Local company leverages energy deregulation to help nonprofits

By T. Reyes

The following story is exclusive advertiser-created content for Focus NewsMagazine.

When the Great Recession hit in 2007, local businessman John Nelson of Grand Junction, felt the pain and struggle of keeping staff employed at his myriad businesses across the nation. Sacrifices were made, as he vowed not to layoff any of his 500+ staff.

All of Nelson’s companies survived, and if the last eight years has taught him anything, it was that staying positive and having a boatload of gratitude were as important to his success as any business metric.

“Running my businesses during a tough recession was really humbling,” Nelson said. “For every victory or achievement, I couldn’t help but feel very grateful.”

With the tough days behind him and business booming, Nelson’s future is focused on giving back and giving back in a big way.


Here’s something the average business owner in Colorado might not know: Commercial natural gas is a deregulated utility. That means any company, business or nonprofit in Colorado can choose from who they buy their natural gas. Without a monopoly scenario, choice equals competitive pricing.

One of Nelson’s companies, Element Energy Advisors  (EEA) based in Grand Junction, Colo., is a national energy-­‐consulting broker doing business in states where energy utilities are deregulated. (Nelson also co-­‐owns GJ-­‐based Mozaic Technology and Gelu’s Italian Ice.)

EEA consultants work with companies of all sizes and types to procure the best rates for natural gas with the end goal of saving them money.

“In Colorado, we represent several natural gas suppliers, and because of the volume of contracts we negotiate, we can lock in low rates for our clients and save them money on their commercial gas bills,” Nelson said. EEA typically saves commercial customers between 5-­‐20% on their natural gas bills.

EEA is able to manage a client’s energy procurement in a process that is transparent to the client. EEA also offers the service of auditing utility bills such as gas, electric and telecomm for errors, which has the potential to earn back thousands of dollars for most of its clients.

“What better value proposition is there than presenting an opportunity to lower a business’ commercial natural gas rate, and do it with the least amount of effort on the client’s part,” Nelson said.

“We make it ‘easy’ to do business with us, and at no charge to the client.”


Nelson, his wife, and five children have lived in Grand Junction since 1995. A far cry from his native Brooklyn, it’s been an idyllic place to start and raise a family.

What makes this place especially unique is the amount of passionate, active nonprofit agencies and churches in Mesa County, he said.

“I could live anywhere in the world, but Grand Junction is where it’s at. I’ve never been part of a community with so many nonprofit agencies working so hard to help others. They are the backbone of this community. Love makes the world go ‘round and so do the nonprofits.”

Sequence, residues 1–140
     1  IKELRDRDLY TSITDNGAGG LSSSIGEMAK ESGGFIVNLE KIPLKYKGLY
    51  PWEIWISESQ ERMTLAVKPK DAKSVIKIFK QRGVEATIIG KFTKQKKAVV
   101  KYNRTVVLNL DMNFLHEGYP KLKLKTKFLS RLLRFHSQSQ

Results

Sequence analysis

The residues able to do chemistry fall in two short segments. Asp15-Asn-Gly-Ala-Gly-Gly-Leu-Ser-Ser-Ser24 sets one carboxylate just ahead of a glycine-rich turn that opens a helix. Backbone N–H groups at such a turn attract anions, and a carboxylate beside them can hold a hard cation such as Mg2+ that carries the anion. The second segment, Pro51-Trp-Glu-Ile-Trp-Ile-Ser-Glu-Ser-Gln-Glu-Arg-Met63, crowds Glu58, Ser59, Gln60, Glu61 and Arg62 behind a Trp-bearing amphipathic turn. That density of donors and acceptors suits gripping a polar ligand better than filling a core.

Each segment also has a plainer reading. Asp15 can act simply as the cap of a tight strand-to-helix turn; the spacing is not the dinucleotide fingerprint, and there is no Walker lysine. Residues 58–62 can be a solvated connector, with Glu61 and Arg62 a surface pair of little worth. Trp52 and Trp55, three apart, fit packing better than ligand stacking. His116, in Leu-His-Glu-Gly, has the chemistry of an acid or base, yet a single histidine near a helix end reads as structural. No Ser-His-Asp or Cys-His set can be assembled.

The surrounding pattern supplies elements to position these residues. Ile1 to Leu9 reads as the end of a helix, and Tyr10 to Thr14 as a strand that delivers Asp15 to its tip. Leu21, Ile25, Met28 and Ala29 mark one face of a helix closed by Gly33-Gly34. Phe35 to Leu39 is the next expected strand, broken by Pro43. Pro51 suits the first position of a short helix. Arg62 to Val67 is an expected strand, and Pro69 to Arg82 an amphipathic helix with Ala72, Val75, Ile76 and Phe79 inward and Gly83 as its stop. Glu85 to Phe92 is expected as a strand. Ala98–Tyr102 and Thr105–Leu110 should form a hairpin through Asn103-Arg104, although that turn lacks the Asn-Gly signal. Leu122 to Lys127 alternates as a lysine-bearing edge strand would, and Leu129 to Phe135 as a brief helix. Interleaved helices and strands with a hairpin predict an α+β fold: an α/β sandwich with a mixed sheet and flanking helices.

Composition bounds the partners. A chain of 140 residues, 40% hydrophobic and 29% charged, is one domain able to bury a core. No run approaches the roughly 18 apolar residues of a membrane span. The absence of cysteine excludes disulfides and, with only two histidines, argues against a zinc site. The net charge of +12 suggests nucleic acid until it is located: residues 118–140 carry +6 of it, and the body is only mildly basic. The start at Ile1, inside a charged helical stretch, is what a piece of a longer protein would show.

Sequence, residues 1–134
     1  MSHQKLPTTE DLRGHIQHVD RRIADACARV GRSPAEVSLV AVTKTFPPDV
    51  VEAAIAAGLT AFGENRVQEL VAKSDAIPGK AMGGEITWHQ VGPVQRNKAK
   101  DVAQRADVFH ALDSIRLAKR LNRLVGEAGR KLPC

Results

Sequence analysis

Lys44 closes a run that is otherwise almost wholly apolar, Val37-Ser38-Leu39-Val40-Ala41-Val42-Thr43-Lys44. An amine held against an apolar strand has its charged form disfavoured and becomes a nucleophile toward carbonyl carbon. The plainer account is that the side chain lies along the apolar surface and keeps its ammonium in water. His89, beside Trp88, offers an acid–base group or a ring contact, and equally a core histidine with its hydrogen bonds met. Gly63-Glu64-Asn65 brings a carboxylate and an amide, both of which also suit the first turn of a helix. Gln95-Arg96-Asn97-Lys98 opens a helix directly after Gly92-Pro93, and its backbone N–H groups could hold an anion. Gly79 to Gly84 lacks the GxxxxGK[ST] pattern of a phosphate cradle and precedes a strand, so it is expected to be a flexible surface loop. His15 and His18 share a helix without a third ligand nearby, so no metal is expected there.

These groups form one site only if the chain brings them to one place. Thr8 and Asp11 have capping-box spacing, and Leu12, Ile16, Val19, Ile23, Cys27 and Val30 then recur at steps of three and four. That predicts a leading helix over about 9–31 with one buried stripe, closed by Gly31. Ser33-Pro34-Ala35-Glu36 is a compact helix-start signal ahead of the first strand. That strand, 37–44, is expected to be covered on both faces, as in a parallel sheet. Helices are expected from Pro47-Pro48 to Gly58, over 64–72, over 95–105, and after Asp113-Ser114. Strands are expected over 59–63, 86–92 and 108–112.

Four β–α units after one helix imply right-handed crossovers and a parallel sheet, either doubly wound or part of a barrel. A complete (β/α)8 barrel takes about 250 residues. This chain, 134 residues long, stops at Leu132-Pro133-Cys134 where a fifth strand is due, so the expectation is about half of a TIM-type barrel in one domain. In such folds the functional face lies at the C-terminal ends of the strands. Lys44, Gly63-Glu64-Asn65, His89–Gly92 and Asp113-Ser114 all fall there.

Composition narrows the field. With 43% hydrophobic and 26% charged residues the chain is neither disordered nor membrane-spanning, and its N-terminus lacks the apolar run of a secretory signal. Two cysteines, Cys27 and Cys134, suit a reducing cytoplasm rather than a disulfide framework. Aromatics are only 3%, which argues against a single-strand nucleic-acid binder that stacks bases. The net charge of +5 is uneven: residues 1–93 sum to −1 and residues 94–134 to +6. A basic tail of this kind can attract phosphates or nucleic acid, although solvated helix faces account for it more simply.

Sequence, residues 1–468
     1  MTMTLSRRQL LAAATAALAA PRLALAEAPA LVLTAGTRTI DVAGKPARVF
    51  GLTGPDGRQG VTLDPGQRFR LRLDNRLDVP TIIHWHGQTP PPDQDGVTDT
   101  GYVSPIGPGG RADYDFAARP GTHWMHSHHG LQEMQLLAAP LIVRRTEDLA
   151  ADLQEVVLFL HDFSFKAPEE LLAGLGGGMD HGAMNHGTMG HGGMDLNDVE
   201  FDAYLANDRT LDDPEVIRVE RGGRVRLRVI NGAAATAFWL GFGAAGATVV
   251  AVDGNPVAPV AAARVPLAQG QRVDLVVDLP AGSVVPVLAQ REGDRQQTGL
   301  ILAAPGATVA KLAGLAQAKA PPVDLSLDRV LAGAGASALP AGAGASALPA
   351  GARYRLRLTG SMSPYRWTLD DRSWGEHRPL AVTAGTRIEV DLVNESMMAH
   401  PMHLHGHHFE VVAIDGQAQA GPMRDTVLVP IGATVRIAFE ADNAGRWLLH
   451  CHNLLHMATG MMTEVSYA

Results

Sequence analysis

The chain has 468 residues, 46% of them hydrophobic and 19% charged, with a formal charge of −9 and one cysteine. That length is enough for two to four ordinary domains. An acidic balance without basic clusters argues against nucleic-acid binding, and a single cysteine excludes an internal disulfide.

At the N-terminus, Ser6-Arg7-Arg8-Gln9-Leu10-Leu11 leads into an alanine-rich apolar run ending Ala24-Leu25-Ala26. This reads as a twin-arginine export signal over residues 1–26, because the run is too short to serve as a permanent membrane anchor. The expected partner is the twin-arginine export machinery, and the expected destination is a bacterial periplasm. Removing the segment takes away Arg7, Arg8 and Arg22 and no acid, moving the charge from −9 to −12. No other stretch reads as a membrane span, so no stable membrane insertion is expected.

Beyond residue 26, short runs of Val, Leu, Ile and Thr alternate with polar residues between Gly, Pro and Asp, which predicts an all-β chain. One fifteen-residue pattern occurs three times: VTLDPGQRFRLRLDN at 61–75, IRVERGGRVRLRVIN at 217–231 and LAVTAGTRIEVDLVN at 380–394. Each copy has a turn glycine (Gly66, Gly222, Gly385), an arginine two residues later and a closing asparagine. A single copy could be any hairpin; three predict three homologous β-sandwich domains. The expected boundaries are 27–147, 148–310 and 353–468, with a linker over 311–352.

Inspired by all the good stuff happening in his adopted hometown, Nelson wants to do his part and somehow tie his businesses, particularly Element Energy Advisors, directly into a giving program. And so the “Western Colorado Energy Initiative” was born.

EEA will donate 100% of its commissions to local nonprofits such as Hilltop, Roice-­‐ Hurst Humane Society, The Salvation Army, and The House (teen homeless shelter) with more coming on board. Businesses can also designate a nonprofit of their choice, so long as it’s based in Western Colorado.

“I don’t plan on making a dime. Our broker fees will go directly to a local nonprofit.”

The program is only applicable to companies in Western Colorado who work with Energy Element Advisors and are successful at lowering their natural gas bills. The idea is that the giving stays local with businesses in Western Colorado helping nonprofits in Western Colorado.

“I don’t want to help my community a little bit. I want to help as much as I can. I hope to give a million dollars away,” Nelson said.

The idea of businesses partnering with nonprofits is called “cause marketing.” In simple terms, the concept goes like this: Buy a product (Yoplait yogurt) and a portion of the proceeds goes to a charity (breast cancer research).

EEA’s plan is much more advantageous.

“We are not selling a product and it’s not going to cost the business a thing. In fact, we are saving businesses money on a commodity they already need and investing our commission from the savings switch into a local charity.”

Nonprofits are always scraping for dollars as their demand usually exceeds their resources. EEA’s Western Slope Energy Initiative hopes to be able to make some sizable donations and give back to a great community.

If you are interested in learning more about the Western Colorado Energy Initiative, contact EEA consultant Melodie Simon or Shayla Kraft at 970‐986-6088 or visit EEA’s website.